Personal Shopper (Dir.: Olivier Assayas)
Kristen Stewart, like fellow actor Robert Pattinson, has tried very hard to distance herself from the Twilight series of films that, while grossing an incredibly large amount of money at the box office, were not necessarily good acting showcases for career longevity. This film contains her most realized performance to date, as she plays a personal shopper for a celebrity who shops by day, and attempts to hunt for the ghost of her dead brother by night. This summary only covers the first act of the narrative though, as this script is one of the best of the year, and one of the most unconventional, surprising films of the year. It's everything I want in a psychological thriller from beginning to end, and it builds to a fever pitch until the very final scene. With a career-best performance from Stewart, deliciously ominous camerawork, and a story that ceases to let the viewer breathe, Personal Shopper is perhaps the best psychological thriller of 2017. It's available to rent on VOD, or if you have Showtime, stream it on there.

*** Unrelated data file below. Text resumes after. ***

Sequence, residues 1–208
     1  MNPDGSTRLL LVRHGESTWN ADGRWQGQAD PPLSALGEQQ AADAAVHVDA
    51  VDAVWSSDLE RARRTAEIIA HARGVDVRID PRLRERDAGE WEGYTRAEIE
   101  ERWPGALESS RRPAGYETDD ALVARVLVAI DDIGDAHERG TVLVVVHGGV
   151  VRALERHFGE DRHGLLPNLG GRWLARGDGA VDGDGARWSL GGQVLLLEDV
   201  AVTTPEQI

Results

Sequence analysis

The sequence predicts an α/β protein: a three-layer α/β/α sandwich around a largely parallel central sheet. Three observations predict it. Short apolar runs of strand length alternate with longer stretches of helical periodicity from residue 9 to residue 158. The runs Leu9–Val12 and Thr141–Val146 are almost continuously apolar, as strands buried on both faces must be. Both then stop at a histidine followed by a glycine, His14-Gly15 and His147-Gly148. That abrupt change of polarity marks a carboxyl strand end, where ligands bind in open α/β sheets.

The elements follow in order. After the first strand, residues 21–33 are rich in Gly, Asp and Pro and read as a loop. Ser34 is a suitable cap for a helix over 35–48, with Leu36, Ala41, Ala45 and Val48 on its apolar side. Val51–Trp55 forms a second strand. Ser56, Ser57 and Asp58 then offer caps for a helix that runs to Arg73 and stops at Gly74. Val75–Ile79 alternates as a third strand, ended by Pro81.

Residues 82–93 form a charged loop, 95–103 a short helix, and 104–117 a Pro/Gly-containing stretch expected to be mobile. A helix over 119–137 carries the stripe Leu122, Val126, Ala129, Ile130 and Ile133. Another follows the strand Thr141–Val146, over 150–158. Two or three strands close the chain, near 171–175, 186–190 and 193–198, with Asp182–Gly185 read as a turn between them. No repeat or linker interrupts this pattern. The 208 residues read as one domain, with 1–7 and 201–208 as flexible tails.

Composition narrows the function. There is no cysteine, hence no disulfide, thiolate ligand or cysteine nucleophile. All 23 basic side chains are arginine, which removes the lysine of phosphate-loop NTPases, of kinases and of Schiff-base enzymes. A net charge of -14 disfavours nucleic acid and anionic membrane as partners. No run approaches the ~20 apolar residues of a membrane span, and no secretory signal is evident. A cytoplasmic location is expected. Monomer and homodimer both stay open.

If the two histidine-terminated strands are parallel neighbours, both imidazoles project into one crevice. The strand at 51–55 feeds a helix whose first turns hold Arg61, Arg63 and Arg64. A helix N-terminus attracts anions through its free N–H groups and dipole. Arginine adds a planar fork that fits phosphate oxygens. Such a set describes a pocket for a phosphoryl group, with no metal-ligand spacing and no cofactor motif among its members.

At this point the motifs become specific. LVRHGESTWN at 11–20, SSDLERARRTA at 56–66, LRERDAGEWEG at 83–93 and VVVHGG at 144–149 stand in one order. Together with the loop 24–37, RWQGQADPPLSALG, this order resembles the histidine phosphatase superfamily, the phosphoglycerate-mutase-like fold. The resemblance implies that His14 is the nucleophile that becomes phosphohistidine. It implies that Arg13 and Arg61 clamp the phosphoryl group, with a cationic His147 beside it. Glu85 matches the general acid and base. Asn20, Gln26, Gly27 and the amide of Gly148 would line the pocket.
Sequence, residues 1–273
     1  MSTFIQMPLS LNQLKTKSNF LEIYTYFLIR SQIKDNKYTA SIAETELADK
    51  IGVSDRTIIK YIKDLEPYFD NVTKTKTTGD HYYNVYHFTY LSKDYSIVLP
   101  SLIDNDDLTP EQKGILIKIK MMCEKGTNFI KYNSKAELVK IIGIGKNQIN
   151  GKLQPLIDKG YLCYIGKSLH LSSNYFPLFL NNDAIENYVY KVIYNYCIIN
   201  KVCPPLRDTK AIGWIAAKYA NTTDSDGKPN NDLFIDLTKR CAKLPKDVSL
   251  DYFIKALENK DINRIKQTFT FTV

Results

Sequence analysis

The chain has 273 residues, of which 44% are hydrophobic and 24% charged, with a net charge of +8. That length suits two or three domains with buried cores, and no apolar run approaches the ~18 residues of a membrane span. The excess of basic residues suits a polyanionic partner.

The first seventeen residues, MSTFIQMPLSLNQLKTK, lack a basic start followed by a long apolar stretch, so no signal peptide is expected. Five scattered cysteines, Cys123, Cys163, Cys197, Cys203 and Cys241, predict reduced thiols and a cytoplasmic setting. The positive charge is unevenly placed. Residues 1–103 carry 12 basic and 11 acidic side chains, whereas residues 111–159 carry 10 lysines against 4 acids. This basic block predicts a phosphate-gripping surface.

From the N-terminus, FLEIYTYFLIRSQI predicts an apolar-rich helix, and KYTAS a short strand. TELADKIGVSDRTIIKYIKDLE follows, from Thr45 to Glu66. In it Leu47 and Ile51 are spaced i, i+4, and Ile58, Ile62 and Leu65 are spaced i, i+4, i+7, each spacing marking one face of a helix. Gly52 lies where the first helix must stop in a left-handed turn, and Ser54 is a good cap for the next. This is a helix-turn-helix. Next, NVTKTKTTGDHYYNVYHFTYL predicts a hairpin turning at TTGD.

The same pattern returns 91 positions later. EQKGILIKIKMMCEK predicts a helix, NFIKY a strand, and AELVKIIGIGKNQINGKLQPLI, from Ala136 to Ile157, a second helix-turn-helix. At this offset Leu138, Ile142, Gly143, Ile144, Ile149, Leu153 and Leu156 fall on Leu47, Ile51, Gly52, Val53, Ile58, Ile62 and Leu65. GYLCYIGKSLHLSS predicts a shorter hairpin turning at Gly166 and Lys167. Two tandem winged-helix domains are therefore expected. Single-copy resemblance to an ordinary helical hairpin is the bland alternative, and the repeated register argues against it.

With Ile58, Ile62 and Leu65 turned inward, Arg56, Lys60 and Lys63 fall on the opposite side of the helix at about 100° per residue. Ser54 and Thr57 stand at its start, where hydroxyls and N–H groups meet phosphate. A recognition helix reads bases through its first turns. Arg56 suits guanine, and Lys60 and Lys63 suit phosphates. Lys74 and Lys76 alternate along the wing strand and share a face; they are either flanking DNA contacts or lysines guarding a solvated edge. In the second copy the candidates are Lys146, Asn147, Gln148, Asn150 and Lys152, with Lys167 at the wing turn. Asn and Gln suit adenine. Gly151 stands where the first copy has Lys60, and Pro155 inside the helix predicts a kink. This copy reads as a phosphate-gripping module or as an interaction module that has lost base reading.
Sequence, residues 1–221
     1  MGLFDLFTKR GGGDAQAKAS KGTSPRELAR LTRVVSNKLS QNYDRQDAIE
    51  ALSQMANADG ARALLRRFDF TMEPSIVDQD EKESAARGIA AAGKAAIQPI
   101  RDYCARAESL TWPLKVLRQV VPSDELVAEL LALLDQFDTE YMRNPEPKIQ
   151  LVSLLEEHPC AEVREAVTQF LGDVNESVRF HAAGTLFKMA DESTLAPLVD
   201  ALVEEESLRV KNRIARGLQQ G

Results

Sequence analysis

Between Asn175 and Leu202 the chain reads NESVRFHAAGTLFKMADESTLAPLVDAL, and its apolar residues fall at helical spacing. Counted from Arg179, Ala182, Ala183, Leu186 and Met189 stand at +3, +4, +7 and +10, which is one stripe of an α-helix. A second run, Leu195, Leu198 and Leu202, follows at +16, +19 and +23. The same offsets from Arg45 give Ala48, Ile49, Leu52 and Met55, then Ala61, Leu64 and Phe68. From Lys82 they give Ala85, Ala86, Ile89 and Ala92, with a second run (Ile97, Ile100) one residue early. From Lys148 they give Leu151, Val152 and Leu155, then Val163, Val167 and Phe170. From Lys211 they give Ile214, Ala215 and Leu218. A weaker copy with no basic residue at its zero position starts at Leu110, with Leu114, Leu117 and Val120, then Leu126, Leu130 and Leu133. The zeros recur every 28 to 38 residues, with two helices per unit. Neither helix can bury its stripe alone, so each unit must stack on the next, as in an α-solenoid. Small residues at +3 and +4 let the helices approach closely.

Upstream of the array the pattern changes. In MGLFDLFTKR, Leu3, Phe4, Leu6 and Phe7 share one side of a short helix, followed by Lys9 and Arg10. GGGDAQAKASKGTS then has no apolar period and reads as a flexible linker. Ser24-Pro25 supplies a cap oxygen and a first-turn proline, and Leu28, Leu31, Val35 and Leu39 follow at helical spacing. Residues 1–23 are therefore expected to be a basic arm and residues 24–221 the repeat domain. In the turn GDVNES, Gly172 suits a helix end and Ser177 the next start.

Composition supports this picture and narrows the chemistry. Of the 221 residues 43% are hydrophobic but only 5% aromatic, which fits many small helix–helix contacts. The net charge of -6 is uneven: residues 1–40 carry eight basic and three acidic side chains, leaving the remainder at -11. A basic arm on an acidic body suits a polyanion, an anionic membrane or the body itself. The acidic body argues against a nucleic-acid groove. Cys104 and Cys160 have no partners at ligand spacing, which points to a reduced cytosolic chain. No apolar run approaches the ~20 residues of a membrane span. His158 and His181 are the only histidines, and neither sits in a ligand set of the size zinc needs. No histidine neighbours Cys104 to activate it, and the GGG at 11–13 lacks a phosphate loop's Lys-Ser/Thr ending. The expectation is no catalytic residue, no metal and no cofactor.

Columbus (Dir.: Kogonada)
Who knew that there could be such a compelling architecture drama? Kogonada's directorial debut tells a restrained, intimate story of an architect who falls into a coma, and his son travels from Korea to Columbus, Indiana to tend to his affairs. He meets a young girl who is an admirer of his father's work along the way, and they bond over their shared connection to architecture. Not necessarily a romantic film, but with romantic imagery, beautiful cinematography and compelling acting, one can't help but fall in love with the director's quite resolve. While its writing is somewhat akin to the Richard Linklater-style talkie drama, it presents a defined visual style and message. This is honestly the most compelling, fully realized directorial debut I've seen this year, Lady Bird non-withstanding. Definitely check this film out if you have Hulu, as it's available to stream on there now.
Hopefully now you've got a list of hidden gem films to get you through the rest of the year, in between all the new Christmas releases and Oscar films that are sure to come out in late December and throughout January. For your sake, I won't repeat myself for films I've already reviewed, so without further ado, here are some films I've already covered on the site that not a lot of people saw that I would also consider worthy of the title of hidden gem:
A Monster Calls**
The Lost City of Z
A Ghost Story
**Note: These films were in limited release in the Christmas season of 2016, and came out in most areas (mine included) in January, 2017. All the more reason to add them to this list!